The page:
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Viacom’s long running YouTube dispute settled

By | Published on Wednesday 19 March 2014


The long-running legal squabble between YouTube and Viacom about the way the former handled takedowns from copyright owners in its early days of operations has finally come to a close with one of those no-fun-at-all out of court settlements.

As much previously reported, MTV owner Viacom accused YouTube of deliberately allowing copyright infringing content to be posted by users to its platform because it knew such unlicensed videos generated good traffic. YouTube countered that it always operated a takedown system allowing rights owners to request unlicensed content be removed, and in doing so enjoyed protection from copyright infringement claims under America’s Digital Millennium Copyright Act.

The case was important to the wider content industries – including even the record companies that had actually done licensing deals with YouTube by the time this litigation got going – because it tested quite how the so called ‘safe harbour’ of the DMCA would work.

The record companies and movie studios reckon that the DMCA too readily allows the operators of platforms that let users post content (or which aggregate content through automated means) to circumvent liability when they end up hosting copyright infringing material, by saying that even the most shoddy of takedown systems provides protection for said platform owners.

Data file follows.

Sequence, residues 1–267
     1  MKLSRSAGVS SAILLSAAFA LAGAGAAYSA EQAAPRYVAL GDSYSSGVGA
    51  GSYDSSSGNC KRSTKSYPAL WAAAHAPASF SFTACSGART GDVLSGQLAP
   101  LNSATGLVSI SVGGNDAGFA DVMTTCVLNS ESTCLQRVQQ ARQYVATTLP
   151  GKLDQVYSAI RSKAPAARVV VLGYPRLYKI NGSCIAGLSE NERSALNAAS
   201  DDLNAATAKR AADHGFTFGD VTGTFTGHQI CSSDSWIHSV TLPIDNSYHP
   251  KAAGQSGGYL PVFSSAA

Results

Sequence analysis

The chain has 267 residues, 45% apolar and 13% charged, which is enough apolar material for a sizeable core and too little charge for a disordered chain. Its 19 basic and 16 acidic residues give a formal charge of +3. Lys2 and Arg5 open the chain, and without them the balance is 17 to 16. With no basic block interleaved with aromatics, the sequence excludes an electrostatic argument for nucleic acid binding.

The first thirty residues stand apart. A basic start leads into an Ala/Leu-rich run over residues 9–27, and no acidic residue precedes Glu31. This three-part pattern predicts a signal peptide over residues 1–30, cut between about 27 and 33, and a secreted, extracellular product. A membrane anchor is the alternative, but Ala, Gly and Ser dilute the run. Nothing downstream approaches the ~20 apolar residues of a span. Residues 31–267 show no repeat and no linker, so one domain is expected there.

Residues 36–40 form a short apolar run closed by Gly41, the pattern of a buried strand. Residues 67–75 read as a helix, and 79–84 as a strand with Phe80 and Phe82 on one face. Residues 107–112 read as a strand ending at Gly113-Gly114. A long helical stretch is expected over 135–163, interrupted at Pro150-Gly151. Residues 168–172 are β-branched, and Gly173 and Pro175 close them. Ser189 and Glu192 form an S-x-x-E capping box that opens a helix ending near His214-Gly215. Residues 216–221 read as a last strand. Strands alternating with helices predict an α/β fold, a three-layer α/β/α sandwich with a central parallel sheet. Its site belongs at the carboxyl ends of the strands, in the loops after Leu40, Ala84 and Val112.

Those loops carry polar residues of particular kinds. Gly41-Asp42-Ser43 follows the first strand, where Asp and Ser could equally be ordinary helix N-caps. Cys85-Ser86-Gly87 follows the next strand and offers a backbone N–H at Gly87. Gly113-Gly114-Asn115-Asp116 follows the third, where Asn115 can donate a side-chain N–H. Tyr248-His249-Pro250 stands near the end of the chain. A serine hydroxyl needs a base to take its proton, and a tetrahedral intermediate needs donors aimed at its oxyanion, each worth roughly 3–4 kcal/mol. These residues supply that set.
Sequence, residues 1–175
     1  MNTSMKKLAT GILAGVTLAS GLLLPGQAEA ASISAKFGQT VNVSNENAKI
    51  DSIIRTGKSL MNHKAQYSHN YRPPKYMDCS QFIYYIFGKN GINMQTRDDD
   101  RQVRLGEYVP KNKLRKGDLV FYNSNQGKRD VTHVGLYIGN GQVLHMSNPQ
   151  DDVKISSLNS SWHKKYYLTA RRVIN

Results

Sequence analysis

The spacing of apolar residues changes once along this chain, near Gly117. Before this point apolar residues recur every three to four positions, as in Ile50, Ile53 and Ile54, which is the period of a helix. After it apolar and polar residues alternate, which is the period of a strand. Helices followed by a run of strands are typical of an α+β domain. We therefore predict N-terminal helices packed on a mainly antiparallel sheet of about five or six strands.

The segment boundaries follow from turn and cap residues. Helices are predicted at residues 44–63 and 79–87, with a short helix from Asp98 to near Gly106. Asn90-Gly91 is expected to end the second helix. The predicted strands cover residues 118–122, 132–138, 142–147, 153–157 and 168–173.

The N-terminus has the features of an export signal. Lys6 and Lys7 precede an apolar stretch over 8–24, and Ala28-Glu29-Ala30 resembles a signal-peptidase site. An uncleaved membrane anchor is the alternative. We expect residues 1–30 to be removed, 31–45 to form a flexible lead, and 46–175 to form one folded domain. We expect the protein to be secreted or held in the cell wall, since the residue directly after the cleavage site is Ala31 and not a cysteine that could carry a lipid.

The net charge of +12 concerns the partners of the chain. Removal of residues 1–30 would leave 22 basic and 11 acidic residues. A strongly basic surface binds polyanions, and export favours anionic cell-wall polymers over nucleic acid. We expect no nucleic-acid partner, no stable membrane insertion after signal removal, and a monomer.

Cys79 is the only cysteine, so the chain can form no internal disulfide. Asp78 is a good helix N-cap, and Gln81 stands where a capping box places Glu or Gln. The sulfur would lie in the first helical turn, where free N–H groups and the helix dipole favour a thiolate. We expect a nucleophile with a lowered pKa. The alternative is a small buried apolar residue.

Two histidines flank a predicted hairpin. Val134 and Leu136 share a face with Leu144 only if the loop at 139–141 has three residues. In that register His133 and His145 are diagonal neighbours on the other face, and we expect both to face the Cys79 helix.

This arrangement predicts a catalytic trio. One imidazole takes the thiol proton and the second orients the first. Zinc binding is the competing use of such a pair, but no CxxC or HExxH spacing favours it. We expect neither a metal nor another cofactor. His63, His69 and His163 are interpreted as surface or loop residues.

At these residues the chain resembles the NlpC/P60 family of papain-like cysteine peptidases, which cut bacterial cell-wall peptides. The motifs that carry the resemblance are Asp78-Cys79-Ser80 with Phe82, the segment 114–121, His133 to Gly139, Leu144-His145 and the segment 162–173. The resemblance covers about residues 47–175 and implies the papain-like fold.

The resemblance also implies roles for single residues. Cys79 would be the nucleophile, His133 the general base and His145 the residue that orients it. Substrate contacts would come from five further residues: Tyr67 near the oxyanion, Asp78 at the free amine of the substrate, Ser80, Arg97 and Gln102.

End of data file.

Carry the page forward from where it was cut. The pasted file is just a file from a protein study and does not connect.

Of course since Viacom went legal, YouTube has enhanced its takedown system way beyond what the DMCA demands. However the media giant wanted compensation for infringement pre those refinements, while the wider content industries were hoping a win for the MTV owner would force other websites still operating less sophisticated takedown processes – Grooveshark springs to mind – to step up their rights management activities.

But in court, at first instance, YouTube won, dashing all those hopes and dreams. Though Viacom, of course, appealed, and an appeal judge raised various concerns about the original ruling, forcing a rethink in the lower court. But having done some rethinking, last April a judge reaffirmed the original ruling. So Viacom appealed again.

Now the two sides have reached an out of court settlement, meaning no further judicial consideration will be given to this specific dispute, or the wider issues of takedown systems and DMCA protection for digital platforms. Terms of the settlement are not known, but sources say no money will change hands, and more likely YouTube and Viacom will forge some sort of partnership to generate future revenues.

The two companies said in a statement: “This settlement reflects the growing collaborative dialogue between our two companies on important opportunities, and we look forward to working more closely together”.

As for the wider debate about the DMCA, and how YouTube’s competitors operate their takedown processes, most attention on that issue in the content industries is now focused on Washington anyway, where the record and movie industries’ lobbyists hope to force refinements in law to remove the perceived loopholes in the current system.